Macleod of Dare eBook

William Black
This eBook from the Gutenberg Project consists of approximately 619 pages of information about Macleod of Dare.

But how could old Hamish go down to the quay?  He was in his own person skipper, head keeper, steward, butler, and general major-domo, and ought on such a day as this to have been in half a dozen places at once.  From the earliest morning he had been hurrying hither and thither, in his impatience making use of much voluble Gaelic.  He had seen the yacht’s crew in their new jersies.  He had been round the kennels.  He had got out a couple of bottles of the best claret that Castle Dare could afford.  He had his master’s letters arranged on the library table, and had given a final rub to the guns and rifles on the rack.  He had even been down to the quay, swearing at the salmon-fishers for having so much lumber lying about the place where Sir Keith Macleod was to land.  And if he was to go down to the quay now, how could he be sure that the ancient Christina, who was mistress of the kitchen as far as her husband Hamish would allow her to be, would remember all his instructions?  And then the little granddaughter Christina, would she remember her part in the ceremony?

However, as Hamish could not be in six places at once, he decided to obey his mistress’s directions, and went hurriedly off to the quay, overtaking on his way Donald the piper lad, who was apparelled in all his professional finery.

“And if ever you put wind in your pipes, you will put wind in your pipes this day, Donald,” said he to the red-haired lad.  “And I will tell you now what you will play when you come ashore from the steamer:  it is the ‘Farewell to Chubraltar’ you will play.”

“The ‘Farewell to Gibraltar!’” said Donald, peevishly, for he was bound in honor to let no man interfere with his proper business.  “It is a better march than that I will play, Hamish.  It is the ‘Heights of Alma,’ that was made by Mr. Ross, the Queen’s own piper; and will you tell me that the ‘Heights of Alma’ is not a better march than the ’Farewell to Gibraltar?’”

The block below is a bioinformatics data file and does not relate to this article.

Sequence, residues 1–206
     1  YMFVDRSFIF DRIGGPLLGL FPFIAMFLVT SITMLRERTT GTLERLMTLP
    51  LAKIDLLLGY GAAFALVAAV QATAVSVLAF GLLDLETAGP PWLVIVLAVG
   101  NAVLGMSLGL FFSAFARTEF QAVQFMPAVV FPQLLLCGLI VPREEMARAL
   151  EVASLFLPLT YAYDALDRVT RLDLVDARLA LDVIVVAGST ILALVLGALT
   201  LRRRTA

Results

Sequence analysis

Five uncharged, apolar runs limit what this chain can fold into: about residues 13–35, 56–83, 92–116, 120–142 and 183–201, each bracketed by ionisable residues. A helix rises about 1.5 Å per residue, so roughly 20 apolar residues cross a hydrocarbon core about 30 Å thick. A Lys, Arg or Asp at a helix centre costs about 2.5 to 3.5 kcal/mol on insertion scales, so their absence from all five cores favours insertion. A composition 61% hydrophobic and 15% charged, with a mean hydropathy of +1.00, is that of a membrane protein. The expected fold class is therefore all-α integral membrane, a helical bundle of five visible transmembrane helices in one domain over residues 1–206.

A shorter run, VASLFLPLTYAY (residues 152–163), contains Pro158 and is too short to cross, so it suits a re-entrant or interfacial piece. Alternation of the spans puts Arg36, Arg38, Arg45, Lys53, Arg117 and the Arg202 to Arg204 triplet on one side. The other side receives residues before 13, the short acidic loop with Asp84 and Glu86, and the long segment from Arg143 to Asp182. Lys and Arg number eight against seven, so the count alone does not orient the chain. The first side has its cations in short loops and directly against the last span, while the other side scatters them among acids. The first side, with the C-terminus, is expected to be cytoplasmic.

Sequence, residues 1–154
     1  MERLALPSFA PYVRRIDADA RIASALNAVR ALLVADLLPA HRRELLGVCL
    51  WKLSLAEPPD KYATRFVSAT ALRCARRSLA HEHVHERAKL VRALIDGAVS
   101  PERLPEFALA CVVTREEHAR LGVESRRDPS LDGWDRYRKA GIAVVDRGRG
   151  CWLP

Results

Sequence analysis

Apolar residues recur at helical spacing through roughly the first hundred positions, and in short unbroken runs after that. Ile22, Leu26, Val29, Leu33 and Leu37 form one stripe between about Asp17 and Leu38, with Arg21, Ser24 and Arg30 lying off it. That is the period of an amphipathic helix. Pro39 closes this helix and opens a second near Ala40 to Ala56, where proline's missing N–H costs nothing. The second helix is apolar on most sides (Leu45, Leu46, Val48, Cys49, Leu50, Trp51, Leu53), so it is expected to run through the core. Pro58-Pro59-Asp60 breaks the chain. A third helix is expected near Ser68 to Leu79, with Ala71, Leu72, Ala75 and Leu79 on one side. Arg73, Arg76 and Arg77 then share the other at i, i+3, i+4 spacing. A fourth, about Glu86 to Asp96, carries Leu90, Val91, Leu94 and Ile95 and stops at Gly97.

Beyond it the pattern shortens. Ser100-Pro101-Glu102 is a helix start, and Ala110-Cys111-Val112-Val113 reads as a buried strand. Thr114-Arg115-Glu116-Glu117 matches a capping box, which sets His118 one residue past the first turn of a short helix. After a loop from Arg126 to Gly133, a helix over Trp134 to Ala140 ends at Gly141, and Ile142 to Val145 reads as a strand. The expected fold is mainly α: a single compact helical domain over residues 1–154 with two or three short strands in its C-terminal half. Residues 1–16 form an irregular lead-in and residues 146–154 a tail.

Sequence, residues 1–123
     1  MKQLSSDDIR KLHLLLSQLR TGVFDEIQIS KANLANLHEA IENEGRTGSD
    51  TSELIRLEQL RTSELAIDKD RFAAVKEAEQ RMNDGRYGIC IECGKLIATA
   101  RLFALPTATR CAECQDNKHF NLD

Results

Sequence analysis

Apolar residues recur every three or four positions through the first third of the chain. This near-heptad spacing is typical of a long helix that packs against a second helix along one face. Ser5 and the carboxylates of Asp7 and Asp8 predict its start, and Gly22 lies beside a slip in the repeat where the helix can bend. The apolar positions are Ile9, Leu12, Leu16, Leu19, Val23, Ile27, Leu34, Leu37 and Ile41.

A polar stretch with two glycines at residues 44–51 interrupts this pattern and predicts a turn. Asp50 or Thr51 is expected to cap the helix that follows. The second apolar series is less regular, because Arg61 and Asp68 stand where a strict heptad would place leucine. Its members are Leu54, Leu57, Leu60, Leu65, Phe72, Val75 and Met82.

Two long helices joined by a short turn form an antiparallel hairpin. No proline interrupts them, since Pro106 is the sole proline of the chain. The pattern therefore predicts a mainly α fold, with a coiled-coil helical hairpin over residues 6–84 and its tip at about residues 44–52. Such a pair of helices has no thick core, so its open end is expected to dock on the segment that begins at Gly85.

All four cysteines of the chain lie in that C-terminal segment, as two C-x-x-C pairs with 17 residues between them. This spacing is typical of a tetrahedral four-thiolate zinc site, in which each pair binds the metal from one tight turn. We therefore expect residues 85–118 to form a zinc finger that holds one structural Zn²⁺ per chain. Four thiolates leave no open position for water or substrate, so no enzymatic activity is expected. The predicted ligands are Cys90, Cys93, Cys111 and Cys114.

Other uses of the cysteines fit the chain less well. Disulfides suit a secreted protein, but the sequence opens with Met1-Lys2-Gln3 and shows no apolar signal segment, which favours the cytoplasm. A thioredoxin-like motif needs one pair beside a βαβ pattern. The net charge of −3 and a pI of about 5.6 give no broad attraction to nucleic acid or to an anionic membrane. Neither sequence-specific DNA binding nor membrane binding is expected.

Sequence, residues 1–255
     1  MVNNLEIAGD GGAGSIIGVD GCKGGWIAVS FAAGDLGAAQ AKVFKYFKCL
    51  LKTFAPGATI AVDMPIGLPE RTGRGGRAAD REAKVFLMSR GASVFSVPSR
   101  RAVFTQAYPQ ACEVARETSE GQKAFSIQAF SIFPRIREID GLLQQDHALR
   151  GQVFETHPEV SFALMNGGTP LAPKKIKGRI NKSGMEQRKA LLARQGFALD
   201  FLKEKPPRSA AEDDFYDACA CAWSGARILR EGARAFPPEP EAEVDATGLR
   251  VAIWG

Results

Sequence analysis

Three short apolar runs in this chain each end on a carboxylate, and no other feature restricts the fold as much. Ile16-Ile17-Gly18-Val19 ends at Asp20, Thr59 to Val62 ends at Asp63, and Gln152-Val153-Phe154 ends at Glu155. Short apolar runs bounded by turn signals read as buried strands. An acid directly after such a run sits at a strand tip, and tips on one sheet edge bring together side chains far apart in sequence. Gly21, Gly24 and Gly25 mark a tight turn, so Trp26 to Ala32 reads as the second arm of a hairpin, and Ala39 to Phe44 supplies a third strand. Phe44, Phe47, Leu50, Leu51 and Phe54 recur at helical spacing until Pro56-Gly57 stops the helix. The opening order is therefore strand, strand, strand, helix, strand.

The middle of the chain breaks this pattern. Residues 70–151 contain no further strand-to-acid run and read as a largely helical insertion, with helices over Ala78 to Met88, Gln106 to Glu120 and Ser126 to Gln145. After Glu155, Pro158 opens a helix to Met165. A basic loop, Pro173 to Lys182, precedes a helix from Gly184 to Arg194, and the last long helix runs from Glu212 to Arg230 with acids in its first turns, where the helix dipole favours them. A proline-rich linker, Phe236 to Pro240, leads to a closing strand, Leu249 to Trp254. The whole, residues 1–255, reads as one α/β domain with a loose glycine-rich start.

Hamish pretended to pay no heed to this impertinent boy.  His eye was fixed on a distant black speck that was becoming more and more pronounced out there amidst the grays and greens of the windy and sunlit sea.  Occasionally it disappeared altogether, as a cloud of rain swept across toward the giant cliffs of Mull, and then again it would appear, sharper and blacker than ever, while the masts and funnel were now visible as well as the hull.  When Donald and his companion got down to the quay, they found the men already in the big boat, getting ready to hoist the huge brown lugsail; and there was a good deal of laughing and talking going on, perhaps in anticipation of the dram they were sure to get when their master returned to Castle Dare.  Donald jumped down on the rude stone ballast, and made his way up to the bow; Hamish, who remained on shore, helped to shove her off; then the heavy lugsail was quickly hoisted, the sheet hauled tight; and presently the broad-beamed boat was ploughing its way through the rushing seas, with an occasional cloud of spray coming right over her from stem to stern.  “Fhir a bhata,” the men sung, until Donald struck in with his pipes, and the wild skirl of “The Barren Rocks of Aden” was a fitter sort of music to go with these sweeping winds and plunging seas.

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Macleod of Dare from Project Gutenberg. Public domain.
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